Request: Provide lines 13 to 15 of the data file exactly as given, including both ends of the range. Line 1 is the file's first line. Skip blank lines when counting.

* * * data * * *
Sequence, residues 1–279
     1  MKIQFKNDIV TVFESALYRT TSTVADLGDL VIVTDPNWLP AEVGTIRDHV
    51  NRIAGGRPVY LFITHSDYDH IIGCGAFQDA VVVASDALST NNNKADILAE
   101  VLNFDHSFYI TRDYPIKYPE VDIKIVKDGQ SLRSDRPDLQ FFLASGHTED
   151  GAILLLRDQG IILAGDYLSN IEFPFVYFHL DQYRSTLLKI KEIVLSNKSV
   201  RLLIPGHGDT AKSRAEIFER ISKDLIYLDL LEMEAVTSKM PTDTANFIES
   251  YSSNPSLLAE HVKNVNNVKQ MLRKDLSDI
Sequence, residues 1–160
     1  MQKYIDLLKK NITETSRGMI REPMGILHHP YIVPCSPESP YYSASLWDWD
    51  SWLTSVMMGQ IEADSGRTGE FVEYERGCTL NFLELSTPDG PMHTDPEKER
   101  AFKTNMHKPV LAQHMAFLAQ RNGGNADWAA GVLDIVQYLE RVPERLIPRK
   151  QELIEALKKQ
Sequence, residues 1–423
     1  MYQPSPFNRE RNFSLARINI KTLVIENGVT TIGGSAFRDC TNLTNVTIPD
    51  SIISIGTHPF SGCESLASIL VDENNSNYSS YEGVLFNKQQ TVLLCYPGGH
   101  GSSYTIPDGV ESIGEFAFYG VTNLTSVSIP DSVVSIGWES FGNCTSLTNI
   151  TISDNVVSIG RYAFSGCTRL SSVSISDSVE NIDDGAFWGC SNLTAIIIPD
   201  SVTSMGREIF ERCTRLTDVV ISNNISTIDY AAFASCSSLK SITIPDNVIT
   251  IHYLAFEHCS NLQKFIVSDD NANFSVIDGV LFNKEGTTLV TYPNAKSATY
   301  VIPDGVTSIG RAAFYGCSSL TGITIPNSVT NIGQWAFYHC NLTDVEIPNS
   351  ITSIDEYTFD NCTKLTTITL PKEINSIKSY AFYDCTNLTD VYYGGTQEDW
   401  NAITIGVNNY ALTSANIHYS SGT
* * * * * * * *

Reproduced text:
Sequence, residues 1–423
     1  MYQPSPFNRE RNFSLARINI KTLVIENGVT TIGGSAFRDC TNLTNVTIPD
    51  SIISIGTHPF SGCESLASIL VDENNSNYSS YEGVLFNKQQ TVLLCYPGGH